By Jill Serjeant
LOS ANGELES (Reuters) - Ousted "American Idol" contestant Casey Abrams said on Friday he was proud of bringing a fresh jazz twist to the TV show, but admitted that his signature growl might have been too much for audiences to take.
Abrams, 20, was one of the most musically-talented contestants in the 10-year history of the show, introducing audiences to the upright bass for the first time and often ignoring the advice of mentors and judges on song choice and style.
Abrams told reporters on Friday that he also plays piano, guitar, sitar, cello, clarinet, drums, melodica and accordion -- almost all of them self-taught.
"I feel that I have done something pretty cool in this competition. But so has everyone else," Abrams said, referring to the gospel sound of contestant Jacob Lusk and the folk twist of eliminated Paul McDonald.
"I think we are all doing our part to make 'American Idol' a little more different from last year and the years before, and to vary the genre," he said.
He envisioned his first album -- if he gets a recording deal -- as a mixture of rock and jazz, adding that the cover would "definitely have a beard and an upright bass."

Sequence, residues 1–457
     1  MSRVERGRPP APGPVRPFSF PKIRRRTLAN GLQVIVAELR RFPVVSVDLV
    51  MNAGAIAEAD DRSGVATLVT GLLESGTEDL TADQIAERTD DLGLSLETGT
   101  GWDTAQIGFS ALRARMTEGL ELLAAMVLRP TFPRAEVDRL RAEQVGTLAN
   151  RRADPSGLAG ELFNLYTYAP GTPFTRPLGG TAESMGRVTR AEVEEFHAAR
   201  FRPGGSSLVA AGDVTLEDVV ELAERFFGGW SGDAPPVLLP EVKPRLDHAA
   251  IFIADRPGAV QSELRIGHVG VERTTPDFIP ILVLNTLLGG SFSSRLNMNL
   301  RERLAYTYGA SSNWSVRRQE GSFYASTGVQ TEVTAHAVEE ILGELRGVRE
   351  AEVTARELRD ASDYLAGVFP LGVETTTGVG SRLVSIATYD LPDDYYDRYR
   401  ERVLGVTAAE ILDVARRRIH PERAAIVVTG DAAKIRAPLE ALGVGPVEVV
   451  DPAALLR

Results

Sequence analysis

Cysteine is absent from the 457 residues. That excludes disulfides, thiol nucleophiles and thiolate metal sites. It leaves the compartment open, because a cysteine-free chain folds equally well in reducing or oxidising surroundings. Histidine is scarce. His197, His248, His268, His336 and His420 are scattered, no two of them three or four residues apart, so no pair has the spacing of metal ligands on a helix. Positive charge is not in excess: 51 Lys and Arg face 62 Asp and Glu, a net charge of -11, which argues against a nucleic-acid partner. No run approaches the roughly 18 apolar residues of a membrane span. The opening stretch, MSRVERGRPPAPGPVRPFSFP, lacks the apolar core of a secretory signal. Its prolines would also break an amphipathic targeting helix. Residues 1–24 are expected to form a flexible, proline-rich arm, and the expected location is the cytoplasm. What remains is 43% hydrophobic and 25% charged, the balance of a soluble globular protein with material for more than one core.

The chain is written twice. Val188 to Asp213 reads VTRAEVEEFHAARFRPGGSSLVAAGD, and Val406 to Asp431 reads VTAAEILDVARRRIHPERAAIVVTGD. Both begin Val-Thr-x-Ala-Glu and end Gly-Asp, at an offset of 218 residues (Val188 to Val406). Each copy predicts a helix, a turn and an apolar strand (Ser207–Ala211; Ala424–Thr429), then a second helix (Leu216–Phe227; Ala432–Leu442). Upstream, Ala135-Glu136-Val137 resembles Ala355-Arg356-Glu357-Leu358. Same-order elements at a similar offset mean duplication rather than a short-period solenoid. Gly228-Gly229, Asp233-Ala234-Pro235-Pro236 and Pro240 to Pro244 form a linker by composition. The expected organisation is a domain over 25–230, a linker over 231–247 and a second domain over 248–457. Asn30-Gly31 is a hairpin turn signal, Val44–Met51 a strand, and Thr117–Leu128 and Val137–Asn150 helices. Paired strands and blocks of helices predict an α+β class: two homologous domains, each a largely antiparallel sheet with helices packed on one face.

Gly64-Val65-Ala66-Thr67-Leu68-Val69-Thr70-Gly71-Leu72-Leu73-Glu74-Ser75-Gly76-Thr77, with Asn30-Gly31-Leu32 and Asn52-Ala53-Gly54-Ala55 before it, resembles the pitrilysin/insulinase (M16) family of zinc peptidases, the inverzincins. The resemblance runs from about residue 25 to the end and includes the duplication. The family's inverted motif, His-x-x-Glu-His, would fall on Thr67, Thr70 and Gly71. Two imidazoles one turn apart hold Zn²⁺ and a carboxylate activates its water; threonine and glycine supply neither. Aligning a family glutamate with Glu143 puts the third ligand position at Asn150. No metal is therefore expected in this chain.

"My goal is to bring that kind of music into popular culture. I just want to get (musicians) better known. I am just a middle man."
Abrams had been saved by the judges last month, but was voted off by the public this week after putting a quirky spin on the little-known Carole King song "Hi-De-Ho".
On Friday, he acknowledged he might have gone too far with the growl.
"It is how I sing when I don't think about it. I think maybe I gave the 'Hi-De-Ho' song a little too much. It's a gray area. It's hard to define what is a good growl and a bad growl.
"I want to do something different on stage than just be all chill," he added.
Abrams also denied rumors among "Idol" fans that he is having a romantic relationship with fellow contestant Haley Reinhart, describing her simply as "a very special musical friend"."
The exit of Abrams leaves five singers -- rocker James Durbin, bluesy Lauren Alaina, country singer Scotty McGreery, Lusk and Reinhart -- with a shot at the "American Idol" title and a guaranteed recording contract.
(Editing by Patricia Reaney)